/ 8 March 2014

Inside the ANC MP vetting questionnaire

Parliament has ignored an overwhelming number of submissions made by the public into the controversial Traditional Courts Bill.
Parliament has ignored an overwhelming number of submissions made by the public into the controversial Traditional Courts Bill.

Are you a gambler, a drug addict, seeing a shrink, having a platonic relationship with someone in the opposition or have you fought with a comrade? Depending on your answer, you could be disqualified from becoming an ANC MP.

According to a new, rigorous screening process, the ANC's national and provincial list candidates are required to declare whether they or their spouses have used  "any illegal habit-forming substance" and when last they did so.

The screening process is in the form of a compulsory questionnaire, titled Project Veritas, from the office of the secretary general to all national and provincial list candidates. It is an attempt by the governing party to rid itself of shady and undesirable public representatives, after delegates at its national conference in Mangaung in 2012 resolved to rebuild the image of the organisation ahead of the fifth general polls. 

The ANC wants to to know if members have consulted a psychiatrist or psychologist, or whether they had suffered any illness or undergone a surgical operation that forced them to stay away from organisational work.

They were also required to state if they had been "involved in any form of gambling" for the past two years.

Character references
Prospective public representatives – for Parliament and provincial legislatures – who have made it on to the ANC list of candidates to be forwarded to the Independent Electoral Commission by Wednesday, were asked to give the names of five people who "were willing to vouch for them".

They were required to declare if they had had personal relationships with members of other parties, the nature and duration of any such relationships and whether or not they belonged to other organisations in or outside the ANC-led alliance.

Candidates were asked if they had any "conflict with any of your comrades" and, if yes, the reasons for said conflict.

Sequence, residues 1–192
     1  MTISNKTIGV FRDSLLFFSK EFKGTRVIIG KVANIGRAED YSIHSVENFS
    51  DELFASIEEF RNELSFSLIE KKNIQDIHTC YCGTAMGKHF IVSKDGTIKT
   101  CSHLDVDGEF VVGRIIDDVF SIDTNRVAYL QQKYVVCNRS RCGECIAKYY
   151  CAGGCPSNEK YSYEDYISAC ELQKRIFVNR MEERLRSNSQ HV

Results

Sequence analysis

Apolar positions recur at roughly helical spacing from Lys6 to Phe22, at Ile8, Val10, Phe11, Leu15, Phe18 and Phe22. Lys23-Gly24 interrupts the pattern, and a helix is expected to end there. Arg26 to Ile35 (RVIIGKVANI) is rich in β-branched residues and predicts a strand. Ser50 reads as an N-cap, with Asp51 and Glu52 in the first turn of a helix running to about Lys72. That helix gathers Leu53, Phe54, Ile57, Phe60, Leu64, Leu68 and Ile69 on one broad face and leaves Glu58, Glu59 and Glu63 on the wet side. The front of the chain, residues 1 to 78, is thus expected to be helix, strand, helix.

But this question could spark more conflict and animosity given the factional battles in the party that have led to splits, purges and – according to the secretary general – weakened the party itself.

The party asked its prospective public representatives if they have ever visited or have residential addresses, including those of their spouses, outside South Africa.

Lifestyle audits
The candidates are expected to disclose any "large payments" into their bank accounts along with their monthly expenditures, including school fees for their children. And they have to disclose if they own properties other than their known residences.

This is most likely related to the party's attempt to conduct lifestyle audits on members. 

One minister told the Mail & Guardian this week that the intention was to check whether or not leaders' lifestyles were proportional to their earnings.

Prospective MPS and MPLs were asked to declare if they have been involved in any "tender process".

The contentious state contracts have been the primary cause of corruption and the battle for resources in the party.

However, even though the party seems to be trying hard to clamp down on corrupt and undesirable elements, there are real fears that the sensitive information could be used by factions to settle scores.

The ANC's head of communications, Lindiwe Zulu, has warned candidates that tough action will be taken against anyone withholding ­damning information about their past. She said everyone who made it on to the party's candidate lists for legislatures would be subjected to this vetting process, including President Jacob Zuma and his party deputy, Cyril Ramaphosa.

One minister described the question about the details of lovers as "deep intelligence screening" – and inappropriate.

"I have been a minister and MP for years and I have never before been asked this question. This is odd and disturbing … Imagine if such information lands in your opponent's hands," the minister said.

"What do they want to do with the information regarding concubines? It's neither corruption [nor] a violation of party policy. Our worry is that this could be used by factions to deal with you. It's unheard of."

But it has since emerged that the form requires details on life partners and spouses, and requires candidates to make extra copies "for each life partner and/or spouse".

The candidates are required to state their previous marriages and declare all relatives and children, including stepchildren.